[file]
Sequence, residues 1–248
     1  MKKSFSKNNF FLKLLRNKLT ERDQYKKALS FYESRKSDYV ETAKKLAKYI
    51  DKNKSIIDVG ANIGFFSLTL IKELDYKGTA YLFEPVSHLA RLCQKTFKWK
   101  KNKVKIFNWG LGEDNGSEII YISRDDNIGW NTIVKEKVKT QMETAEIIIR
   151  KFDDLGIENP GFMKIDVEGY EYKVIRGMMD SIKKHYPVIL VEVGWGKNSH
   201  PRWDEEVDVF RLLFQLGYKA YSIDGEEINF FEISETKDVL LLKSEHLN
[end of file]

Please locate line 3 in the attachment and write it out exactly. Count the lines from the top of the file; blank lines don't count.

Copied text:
    51  DKNKSIIDVG ANIGFFSLTL IKELDYKGTA YLFEPVSHLA RLCQKTFKWK